Canine transmissible venereal tumour: a review

Authors

  • B. Ganguly,

    Corresponding author
    1. Animal Biotechnology Center, Department of Veterinary Physiology and Biochemistry, College of Veterinary and Animal Sciences, G. B. Pant University of Agriculture and Technology, Pantnagar, India
    • Correspondence address:

      B. Ganguly

      C/o Bisweswar Gangopadhyay,

      D-4, Alliance Kingston Estate,

      Rudrapur 263153,

      India

      e-mail: vetbhaskar@gmail.com

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  • U. Das,

    1. Broad Street Pet Clinics, Kolkata, India
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  • A. K. Das

    1. Department of Surgery and Radiology, College of Veterinary and Animal Sciences, G. B. Pant University of Agriculture and Technology, Pantnagar, India
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Abstract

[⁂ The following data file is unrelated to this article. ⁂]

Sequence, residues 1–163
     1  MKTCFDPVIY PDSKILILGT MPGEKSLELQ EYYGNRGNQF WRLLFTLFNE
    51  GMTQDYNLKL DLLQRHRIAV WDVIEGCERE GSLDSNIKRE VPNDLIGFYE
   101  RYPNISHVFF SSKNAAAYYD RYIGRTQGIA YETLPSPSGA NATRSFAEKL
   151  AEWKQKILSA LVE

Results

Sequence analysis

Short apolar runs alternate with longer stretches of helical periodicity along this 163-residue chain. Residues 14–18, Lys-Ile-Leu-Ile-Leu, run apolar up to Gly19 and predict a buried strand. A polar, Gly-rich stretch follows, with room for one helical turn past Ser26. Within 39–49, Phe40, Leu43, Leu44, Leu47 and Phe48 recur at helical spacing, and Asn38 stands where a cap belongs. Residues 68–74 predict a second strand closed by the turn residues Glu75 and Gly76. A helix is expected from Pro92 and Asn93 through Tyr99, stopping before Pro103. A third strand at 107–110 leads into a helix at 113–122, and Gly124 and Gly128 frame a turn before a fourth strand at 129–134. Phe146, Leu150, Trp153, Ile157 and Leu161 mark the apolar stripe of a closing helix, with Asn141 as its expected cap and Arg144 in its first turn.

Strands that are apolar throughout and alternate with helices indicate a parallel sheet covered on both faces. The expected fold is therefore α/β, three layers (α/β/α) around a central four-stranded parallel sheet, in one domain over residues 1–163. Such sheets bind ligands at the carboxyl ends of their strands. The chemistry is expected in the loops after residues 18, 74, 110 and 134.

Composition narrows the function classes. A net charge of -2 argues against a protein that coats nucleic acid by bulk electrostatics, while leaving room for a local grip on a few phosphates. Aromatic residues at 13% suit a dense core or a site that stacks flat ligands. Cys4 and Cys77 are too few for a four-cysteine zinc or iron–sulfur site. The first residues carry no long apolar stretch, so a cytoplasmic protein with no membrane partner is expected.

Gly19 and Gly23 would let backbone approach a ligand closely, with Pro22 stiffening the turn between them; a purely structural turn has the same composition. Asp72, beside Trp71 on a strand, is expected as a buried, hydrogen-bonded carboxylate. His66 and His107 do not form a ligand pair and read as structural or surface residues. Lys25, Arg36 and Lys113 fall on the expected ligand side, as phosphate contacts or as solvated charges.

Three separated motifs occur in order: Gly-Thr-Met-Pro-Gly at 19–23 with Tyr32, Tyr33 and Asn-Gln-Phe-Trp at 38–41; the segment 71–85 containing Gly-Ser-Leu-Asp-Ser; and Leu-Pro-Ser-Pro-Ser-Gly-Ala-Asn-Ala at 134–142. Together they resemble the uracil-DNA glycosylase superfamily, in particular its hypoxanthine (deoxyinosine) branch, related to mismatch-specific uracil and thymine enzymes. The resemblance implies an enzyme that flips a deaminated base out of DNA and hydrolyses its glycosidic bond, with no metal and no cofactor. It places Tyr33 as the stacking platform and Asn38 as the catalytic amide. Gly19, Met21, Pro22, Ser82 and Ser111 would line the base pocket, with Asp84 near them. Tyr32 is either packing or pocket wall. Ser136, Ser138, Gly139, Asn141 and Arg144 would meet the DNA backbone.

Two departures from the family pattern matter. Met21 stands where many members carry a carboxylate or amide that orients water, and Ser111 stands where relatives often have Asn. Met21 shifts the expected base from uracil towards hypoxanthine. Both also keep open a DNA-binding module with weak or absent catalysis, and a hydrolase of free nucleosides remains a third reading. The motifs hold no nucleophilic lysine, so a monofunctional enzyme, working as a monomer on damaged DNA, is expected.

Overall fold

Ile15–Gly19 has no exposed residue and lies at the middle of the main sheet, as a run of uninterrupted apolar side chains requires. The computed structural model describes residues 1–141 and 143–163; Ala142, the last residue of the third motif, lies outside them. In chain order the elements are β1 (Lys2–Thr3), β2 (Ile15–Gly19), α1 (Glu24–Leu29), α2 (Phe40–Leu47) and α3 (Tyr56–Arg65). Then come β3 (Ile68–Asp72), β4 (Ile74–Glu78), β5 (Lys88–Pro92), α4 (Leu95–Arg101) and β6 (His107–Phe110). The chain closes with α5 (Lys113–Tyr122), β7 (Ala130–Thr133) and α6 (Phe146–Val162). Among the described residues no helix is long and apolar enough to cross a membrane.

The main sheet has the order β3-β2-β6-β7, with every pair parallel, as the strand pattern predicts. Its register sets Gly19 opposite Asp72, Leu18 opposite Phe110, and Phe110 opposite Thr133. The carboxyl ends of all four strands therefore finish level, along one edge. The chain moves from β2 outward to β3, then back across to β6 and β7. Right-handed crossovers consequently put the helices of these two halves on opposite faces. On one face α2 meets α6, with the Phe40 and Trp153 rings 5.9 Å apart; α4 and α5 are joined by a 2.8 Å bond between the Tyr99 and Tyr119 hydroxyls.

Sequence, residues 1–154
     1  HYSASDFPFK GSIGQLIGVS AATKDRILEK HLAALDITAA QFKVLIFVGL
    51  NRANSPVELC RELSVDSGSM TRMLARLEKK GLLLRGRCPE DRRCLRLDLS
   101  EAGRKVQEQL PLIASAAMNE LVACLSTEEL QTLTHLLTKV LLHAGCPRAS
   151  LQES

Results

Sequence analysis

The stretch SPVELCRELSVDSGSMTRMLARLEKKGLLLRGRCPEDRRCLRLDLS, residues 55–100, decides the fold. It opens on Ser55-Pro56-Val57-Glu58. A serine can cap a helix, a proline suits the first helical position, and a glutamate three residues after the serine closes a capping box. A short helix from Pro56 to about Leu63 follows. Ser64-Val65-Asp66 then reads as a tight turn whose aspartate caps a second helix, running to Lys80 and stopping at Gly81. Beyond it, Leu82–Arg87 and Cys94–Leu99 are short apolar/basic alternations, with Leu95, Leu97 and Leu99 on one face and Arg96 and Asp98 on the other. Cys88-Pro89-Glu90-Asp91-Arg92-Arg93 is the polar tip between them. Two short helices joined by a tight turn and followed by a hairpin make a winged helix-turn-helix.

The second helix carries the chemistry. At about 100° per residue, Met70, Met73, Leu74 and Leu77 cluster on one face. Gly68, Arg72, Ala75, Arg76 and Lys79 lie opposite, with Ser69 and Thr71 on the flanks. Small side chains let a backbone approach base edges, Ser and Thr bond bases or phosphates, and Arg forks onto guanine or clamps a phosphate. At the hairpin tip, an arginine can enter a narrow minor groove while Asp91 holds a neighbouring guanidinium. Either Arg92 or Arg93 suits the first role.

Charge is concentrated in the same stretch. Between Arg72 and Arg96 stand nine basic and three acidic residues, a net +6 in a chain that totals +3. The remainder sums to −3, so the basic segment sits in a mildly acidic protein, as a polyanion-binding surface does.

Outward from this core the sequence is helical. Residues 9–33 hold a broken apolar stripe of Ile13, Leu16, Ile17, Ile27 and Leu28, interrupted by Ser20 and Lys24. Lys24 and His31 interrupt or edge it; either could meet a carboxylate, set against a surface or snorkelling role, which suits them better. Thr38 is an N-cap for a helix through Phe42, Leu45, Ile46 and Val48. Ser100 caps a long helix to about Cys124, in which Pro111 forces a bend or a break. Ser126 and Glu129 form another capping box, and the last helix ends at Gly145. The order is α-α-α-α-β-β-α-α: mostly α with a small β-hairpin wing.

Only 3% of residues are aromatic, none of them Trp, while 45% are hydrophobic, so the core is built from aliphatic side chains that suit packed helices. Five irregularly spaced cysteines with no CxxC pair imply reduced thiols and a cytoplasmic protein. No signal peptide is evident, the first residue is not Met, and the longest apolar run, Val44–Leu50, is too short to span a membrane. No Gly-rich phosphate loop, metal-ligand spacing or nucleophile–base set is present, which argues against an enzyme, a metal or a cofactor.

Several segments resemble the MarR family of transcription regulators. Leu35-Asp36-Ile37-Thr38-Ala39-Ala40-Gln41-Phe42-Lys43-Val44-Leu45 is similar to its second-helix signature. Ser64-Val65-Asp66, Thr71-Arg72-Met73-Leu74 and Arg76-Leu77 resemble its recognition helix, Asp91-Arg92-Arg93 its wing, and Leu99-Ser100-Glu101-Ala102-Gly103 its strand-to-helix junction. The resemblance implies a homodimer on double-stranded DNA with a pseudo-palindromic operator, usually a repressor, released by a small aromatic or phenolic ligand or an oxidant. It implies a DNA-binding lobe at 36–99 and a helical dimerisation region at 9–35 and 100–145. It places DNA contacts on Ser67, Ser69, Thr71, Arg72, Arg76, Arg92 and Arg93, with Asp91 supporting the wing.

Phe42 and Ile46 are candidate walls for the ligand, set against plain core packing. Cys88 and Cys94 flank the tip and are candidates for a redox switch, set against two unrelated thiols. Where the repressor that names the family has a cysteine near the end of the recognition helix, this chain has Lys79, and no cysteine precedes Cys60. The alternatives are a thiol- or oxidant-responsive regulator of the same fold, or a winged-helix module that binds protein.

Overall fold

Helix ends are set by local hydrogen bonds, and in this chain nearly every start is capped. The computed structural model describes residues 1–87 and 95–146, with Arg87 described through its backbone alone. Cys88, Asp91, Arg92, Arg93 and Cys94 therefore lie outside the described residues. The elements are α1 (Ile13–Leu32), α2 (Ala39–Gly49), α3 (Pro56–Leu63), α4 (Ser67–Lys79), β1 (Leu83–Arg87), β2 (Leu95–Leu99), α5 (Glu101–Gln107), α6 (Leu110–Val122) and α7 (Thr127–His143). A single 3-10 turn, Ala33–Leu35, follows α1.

Canine transmissible venereal tumour (CTVT) is a contagious venereal tumour of dogs, commonly observed in dogs that are in close contact with one another, or in stray and wild dogs that exhibit unrestrained sexual activity. CTVT represents a unique, naturally transmissible, contagious tumour, where the mutated tumour cell itself is the causative agent and perpetuates as a parasitic allograft in the host. Clinical history, signalment and cytological features are often obvious for establishing a diagnosis though biopsy and histological examination may be needed in atypical cases. Most cases are curable with three intravenous injections of vincristine sulphate at weekly intervals. The role of stray and wild dogs makes the disease difficult to control and necessitates sustained animal birth control in stray dogs along with prompt therapy of the affected dogs. This review captures the manifold developments in different areas embracing this fascinating tumour, including its biology, diagnosis and therapeutic alternatives.

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